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A Wild Resting Place For Gunslingers And Cowboys

The Boot Hill cemetery in Tombstone, Ariz., is filled with the graves of men who met their end in the Wild West. While there are many such cemeteries in the Western U.S., Tombstone's is considered the most famous.
The Boot Hill cemetery in Tombstone, Ariz., is filled with the graves of men who met their end in the Wild West. While there are many such cemeteries in the Western U.S., Tombstone's is considered the most famous.

If you're from a state once considered the "Old West," odds are you've heard of a Boot Hill graveyard. Turns out there are a number of Boot Hill cemeteries in the West, so named because many of their inhabitants died violently — with their boots on.

But of all the Boot Hill cemeteries, none is as famous as Boot Hill in Tombstone, Ariz.

It's a tough-looking place. No lawn, just gravel, mesquite trees and cactus. The graves are covered with stones to keep varmints from digging up the bones.

Boot Hill was open only from 1878 to 1884 — it took just six years to fill up with graves. Many of those graves are filled by persons unknown.

As Boot Hill manager Dave Askey points out, people back then didn't carry Social Security cards or driver's licenses.

"Typically, what would happen when someone died was the mortician would put them on a cooling board in front of his office," Askey says. "And people customarily would walk by for two days to see if they could identify the body."

The markers that do contain names offer a catalog of violent death in the Old West. "Killeen, 1880. Shot by Frank Leslie." "Red River Tom, shot by Ormsby." "Marshal Fred White, 1880. Shot by Curly Bill."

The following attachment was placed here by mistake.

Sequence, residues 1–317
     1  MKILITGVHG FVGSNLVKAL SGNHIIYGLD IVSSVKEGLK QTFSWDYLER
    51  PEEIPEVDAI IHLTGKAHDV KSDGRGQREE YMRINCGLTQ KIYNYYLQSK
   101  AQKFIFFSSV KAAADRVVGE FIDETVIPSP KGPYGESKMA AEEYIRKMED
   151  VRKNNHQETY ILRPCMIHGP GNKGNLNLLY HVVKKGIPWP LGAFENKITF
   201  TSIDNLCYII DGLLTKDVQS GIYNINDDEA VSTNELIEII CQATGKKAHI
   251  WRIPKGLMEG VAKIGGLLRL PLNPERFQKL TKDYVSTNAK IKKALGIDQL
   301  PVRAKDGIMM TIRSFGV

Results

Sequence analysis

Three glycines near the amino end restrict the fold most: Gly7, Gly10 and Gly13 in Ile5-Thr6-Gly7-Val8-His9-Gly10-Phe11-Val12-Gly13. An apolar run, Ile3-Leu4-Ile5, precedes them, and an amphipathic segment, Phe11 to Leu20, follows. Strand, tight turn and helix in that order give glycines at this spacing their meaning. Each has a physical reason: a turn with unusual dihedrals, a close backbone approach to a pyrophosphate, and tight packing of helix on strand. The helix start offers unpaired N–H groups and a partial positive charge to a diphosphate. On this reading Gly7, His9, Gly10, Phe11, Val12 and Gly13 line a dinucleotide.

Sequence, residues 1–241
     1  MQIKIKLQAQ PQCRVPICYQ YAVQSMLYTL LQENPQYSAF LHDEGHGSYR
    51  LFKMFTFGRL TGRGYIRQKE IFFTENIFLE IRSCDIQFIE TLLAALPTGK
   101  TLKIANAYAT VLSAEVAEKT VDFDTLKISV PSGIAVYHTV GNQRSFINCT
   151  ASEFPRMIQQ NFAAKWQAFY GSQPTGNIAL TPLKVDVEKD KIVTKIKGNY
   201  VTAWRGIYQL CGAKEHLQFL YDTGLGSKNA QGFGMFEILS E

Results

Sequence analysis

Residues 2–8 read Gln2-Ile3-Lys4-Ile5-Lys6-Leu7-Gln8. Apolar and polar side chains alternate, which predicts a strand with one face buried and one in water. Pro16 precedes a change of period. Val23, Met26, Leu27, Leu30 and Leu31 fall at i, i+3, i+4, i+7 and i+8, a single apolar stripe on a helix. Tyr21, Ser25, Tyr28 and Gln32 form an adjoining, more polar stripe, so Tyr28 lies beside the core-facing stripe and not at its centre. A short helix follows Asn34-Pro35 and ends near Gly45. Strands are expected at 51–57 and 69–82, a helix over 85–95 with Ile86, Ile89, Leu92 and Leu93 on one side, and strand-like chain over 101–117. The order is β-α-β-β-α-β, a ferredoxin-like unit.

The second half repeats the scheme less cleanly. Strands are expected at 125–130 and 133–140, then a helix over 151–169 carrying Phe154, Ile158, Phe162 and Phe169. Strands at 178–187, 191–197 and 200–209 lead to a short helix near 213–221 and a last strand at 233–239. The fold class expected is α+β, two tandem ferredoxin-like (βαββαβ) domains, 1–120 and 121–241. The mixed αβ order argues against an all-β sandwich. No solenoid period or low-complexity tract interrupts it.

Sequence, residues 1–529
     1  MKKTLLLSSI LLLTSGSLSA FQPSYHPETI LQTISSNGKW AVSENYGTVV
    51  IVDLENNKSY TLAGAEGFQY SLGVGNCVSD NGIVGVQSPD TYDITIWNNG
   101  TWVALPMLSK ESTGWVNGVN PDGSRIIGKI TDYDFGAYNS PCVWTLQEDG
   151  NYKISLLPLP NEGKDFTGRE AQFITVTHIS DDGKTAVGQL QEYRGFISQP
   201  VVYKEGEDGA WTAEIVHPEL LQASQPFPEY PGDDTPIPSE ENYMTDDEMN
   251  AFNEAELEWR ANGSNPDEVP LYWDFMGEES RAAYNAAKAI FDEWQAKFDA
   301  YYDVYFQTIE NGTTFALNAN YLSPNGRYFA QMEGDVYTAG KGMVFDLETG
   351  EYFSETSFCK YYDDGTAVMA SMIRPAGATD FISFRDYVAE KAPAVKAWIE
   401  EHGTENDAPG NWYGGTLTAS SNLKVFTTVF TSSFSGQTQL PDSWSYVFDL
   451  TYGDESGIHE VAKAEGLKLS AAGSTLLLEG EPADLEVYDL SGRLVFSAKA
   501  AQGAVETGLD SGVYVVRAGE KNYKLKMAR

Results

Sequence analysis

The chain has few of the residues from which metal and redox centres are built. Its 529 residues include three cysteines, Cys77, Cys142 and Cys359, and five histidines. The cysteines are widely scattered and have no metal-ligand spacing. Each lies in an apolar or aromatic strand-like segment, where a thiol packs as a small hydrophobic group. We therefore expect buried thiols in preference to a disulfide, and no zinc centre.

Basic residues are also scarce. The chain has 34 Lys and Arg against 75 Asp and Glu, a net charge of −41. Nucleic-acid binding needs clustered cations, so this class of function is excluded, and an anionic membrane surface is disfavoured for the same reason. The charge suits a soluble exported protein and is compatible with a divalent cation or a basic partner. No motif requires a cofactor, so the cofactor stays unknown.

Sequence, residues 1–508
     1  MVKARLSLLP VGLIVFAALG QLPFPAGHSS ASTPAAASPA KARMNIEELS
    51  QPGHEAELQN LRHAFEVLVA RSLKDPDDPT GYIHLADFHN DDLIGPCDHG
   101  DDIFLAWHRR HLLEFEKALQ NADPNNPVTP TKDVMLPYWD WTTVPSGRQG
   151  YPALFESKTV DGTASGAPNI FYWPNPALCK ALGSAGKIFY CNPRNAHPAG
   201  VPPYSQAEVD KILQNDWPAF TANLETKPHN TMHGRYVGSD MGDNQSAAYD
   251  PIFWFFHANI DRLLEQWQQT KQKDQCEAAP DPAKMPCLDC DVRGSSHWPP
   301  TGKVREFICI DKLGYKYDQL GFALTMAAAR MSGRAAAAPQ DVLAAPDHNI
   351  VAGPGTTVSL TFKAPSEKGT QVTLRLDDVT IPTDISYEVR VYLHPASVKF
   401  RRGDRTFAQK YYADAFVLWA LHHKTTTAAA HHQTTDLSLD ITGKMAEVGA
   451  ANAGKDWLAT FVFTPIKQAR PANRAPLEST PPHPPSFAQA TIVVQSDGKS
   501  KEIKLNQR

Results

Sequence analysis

And then there's the unfortunate George Johnson, remembered with this inscription:

"Here lies George Johnson hanged by mistake 1882. He was right we was wrong. But we strung him up and now he's gone."

"He was stopped — they thought he'd stolen a horse," Askey explains. "So they strung him up and found out later he'd legally purchased it. So, there's George."

Johnny Cash immortalized the graveyard's most famous tombstone in the song "The Ballad of Boot Hill."
Ted Robbins / NPR
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Johnny Cash immortalized the graveyard's most famous tombstone in the song "The Ballad of Boot Hill."

The wooden grave markers fade and decay, so the town of Tombstone replaces them from time to time. The town also sells T-shirts, posters and mouse pads of the graveyard's most famous epitaph: "Here lies Lester Moore. Four slugs from a 44. No Les. No More."

But while Les Moore's tombstone is famous, he's not one of Boot Hill's most notorious inhabitants. That honor goes to Billy Clanton and Tom and Frank McLaury, killed at the gunfight at the O.K. Corral on Oct. 26, 1881, Askey says.

That shootout, of course, has been featured in dozens of movies and TV shows, from John Ford's My Darling Clementinein 1946 to the 1993 film Tombstone. The fight is re-enacted daily near the actual site in town, and it's what brought Steve Napolitan from California to the gunfighters' graves.

"It's kind of rewarding for me, 'cause it's kind of a fulfillment from all the stories, and seeing the movies, and now seeing the real place," Napolitan says.

Last year, 146,000 people visited Tombstone's Boot Hill — which makes it a big municipal moneymaker. Admission is free, but visitors start at the gift shop. Boot Hill is probably the only graveyard that sells souvenirs and fudge made on the premises.

And it may also be the only graveyard with its own song performed by Johnny Cash, "The Ballad of Boot Hill," immortalizing Les Moore's epitaph in song.

Copyright 2020 NPR. To see more, visit https://www.npr.org.

As supervising editor for Arts and Culture at NPR based at NPR West in Culver City, Ted Robbins plans coverage across NPR shows and online, focusing on TV at a time when there's never been so much content. He thinks "arts and culture" encompasses a lot of human creativity — from traditional museum offerings to popular culture, and out-of-the-way people and events.
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